Friday, January 12, 2007

Fwd: Gimme a job!

This is a message that I posted to the dc.jobs Google Group. My next
step is probably screaming in the street, whereupon I expect to be
arrested. I hope I'm kidding . . .

---------- Forwarded message ----------
From: ^Ernie^
Date: 12 Jan 2007 09:33:56 -0800
Subject: Gimme a job!

C'mon, guys! I'm a seasoned software developer with more than 20 years
experience on every line-item in every phase of the research,
development and production lifecycle, as well as some amount of time in
the early years in other forms of automated data processing support. I
left defense consulting in the late 90s a little disillusioned with the
whole Federal consulting process and started some State-level
contracting without renewing any clearances. I could never find a real
need to know classified information, even when I analyzed data, because
I had the clients cook it down to character classes, allowing all tests
from pre-edit to acceptance while eliminating unnecessary access to
privileged information. These days I guess they just let some bozo
with a laptop walk with it. Without use, my clearances lapsed quickly,
anyway. After completion of the State-level work, I decided that I was
finally in a position to take a couple months off and finish that novel
that kept getting relegated to one desk drawer or another. I kept a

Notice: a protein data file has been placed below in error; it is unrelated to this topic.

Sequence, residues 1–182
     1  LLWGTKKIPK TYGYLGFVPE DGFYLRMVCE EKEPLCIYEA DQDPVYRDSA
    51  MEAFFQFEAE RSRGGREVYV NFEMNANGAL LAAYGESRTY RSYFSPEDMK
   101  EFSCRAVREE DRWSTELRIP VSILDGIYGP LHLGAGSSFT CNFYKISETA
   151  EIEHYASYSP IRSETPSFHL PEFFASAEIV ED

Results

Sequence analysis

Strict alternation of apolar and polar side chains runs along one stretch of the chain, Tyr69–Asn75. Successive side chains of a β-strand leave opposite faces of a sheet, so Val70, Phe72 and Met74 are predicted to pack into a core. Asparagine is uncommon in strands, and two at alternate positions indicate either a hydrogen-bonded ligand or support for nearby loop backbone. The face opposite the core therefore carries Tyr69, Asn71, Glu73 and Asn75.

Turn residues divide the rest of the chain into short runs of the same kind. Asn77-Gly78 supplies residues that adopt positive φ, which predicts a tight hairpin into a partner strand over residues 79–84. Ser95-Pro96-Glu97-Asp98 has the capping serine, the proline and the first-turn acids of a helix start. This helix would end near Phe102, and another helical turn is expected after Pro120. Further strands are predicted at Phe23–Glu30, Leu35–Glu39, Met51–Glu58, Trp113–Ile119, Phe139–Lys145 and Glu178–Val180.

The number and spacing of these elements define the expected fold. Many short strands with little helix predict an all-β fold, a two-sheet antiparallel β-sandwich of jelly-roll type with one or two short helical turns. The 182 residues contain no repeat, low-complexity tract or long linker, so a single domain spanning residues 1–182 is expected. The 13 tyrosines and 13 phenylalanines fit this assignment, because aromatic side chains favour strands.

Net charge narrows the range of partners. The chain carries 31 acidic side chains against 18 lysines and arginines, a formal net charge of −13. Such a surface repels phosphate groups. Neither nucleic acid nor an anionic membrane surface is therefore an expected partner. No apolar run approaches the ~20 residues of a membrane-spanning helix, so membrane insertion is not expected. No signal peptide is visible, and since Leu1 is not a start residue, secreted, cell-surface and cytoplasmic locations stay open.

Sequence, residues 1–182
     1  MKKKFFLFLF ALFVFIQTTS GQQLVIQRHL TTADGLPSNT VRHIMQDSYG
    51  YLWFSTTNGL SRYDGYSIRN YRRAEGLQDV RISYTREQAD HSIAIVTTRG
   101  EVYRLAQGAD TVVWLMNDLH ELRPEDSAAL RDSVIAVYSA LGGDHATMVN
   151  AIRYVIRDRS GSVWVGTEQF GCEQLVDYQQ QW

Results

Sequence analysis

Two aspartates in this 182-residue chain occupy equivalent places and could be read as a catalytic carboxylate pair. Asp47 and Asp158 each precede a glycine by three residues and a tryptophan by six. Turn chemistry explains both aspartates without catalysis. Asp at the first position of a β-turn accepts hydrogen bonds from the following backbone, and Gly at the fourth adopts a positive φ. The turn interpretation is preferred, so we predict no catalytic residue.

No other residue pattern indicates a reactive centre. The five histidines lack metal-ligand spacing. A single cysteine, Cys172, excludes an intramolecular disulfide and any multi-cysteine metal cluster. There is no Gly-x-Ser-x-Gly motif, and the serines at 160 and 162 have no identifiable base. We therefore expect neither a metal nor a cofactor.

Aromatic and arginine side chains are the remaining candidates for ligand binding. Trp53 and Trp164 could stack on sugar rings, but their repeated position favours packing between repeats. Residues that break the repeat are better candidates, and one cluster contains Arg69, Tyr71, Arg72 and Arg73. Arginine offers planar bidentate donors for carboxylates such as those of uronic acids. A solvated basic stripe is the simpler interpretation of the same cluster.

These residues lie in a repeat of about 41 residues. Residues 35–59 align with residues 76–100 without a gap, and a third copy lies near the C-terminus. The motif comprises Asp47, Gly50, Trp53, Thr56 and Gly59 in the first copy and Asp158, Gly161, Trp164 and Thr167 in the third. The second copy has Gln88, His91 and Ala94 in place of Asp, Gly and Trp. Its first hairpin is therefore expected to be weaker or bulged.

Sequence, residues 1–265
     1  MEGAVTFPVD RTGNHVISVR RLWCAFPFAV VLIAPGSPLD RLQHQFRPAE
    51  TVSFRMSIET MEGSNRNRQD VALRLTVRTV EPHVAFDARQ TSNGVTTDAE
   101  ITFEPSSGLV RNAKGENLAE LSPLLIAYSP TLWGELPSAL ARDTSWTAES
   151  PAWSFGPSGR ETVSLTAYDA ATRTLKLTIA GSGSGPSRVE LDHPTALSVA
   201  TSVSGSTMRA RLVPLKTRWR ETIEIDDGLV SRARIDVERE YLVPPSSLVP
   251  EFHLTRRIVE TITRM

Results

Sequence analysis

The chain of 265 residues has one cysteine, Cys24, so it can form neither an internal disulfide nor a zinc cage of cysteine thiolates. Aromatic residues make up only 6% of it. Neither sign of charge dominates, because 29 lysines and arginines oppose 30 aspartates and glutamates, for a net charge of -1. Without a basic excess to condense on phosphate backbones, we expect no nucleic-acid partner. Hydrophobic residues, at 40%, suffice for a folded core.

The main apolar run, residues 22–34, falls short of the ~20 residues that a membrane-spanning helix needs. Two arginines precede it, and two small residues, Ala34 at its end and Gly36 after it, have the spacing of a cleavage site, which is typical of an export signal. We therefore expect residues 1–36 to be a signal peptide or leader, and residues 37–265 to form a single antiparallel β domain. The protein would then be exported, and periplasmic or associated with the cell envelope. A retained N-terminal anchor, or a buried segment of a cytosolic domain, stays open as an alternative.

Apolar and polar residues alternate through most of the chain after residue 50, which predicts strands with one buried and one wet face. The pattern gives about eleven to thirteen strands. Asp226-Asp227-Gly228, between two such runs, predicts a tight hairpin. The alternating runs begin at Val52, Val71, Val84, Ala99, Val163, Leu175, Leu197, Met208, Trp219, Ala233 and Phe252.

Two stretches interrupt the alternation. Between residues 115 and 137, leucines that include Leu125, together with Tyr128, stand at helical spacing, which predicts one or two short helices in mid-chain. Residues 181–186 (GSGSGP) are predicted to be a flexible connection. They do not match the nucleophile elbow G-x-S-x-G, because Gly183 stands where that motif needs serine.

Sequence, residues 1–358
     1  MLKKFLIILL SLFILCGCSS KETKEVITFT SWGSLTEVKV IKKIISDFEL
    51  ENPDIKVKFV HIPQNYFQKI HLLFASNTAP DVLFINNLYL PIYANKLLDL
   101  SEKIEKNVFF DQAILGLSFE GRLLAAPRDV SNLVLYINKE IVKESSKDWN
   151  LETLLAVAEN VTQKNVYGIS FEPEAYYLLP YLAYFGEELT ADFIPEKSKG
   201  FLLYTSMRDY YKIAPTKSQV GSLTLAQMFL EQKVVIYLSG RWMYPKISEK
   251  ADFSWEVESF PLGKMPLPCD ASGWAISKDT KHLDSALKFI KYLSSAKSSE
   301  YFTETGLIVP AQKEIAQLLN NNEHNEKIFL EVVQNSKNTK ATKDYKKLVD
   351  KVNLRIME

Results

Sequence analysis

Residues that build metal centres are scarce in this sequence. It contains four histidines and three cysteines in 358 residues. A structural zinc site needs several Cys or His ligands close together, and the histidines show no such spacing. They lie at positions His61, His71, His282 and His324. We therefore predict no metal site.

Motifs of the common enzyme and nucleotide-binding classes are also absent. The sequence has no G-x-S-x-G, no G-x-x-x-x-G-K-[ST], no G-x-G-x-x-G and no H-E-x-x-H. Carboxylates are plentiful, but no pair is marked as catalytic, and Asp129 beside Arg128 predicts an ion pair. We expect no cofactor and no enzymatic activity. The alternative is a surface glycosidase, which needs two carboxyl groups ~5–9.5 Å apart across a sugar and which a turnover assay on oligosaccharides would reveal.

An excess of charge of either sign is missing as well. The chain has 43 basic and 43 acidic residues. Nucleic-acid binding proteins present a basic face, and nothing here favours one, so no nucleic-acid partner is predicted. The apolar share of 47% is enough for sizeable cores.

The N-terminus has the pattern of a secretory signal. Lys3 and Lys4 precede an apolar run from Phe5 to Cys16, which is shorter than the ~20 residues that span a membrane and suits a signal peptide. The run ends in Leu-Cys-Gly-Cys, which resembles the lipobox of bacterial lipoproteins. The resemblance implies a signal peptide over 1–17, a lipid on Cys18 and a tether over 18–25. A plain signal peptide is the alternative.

line out for opportunities, I just didn't pursue any aggressively for a
couple of months. As I sat comparing manuscript versions to be merged
into a whole, I heard Matt Lauer ask with incredulity, "Do we have any
pictures?" That was 9-11 of 2001: Everything I had every done in the
defense consulting community suddenly required an active clearance,
mostly Top Secret or Special Compartmentalized. Then I got a call from
a recruiter who asked why I didn't have a job. I told him I'd been
working on a novel. "You've been unemployed for two months?" He
asked, adding emphatically, "You're no longer employable!" Maybe that
was what spurred me on, maybe it was just software-development
withdrawal, but I started an intensely aggressive campaign that seemed
to be going nowhere. I even had a huge sign with an expensive graphic
made and set it up on a stand, first on Farragut Square, and then in
Lafayette Park. Every reaction I got was as though I were either a
lay-about or that they thought that I would forget everything I knew or
obsolesce in a couple of months after dedicating a lifetime to acquire
my skills and achieve my proficiencies.

I was always too absorbed by the work to have much of a social life:
My personal contacts dried out quickly and friends quickly lost
patience with my situation. At 54, I'm a little set in my ways and
sitting in front of a terminal hasn't done much to keep me in shape for
construction work. Most people hiring for low-level jobs say things
like, "By the time I get you trained, you'll find a job in your field."
Nobody wants to negotiate (and believe me I'm exceedingly reasonable
on rates right now).

I submit online applications constantly, but nobody takes me seriously
and I've nearly lost faith -- I've certainly lost faith in normal
internet solutions. While I'm not burning time online, I'm writing C++
programs that nobody cares to see. I'd love to do that for a living,
but right now I'd just settle for living.

This is a sin and a crime and a shame. Hire me!

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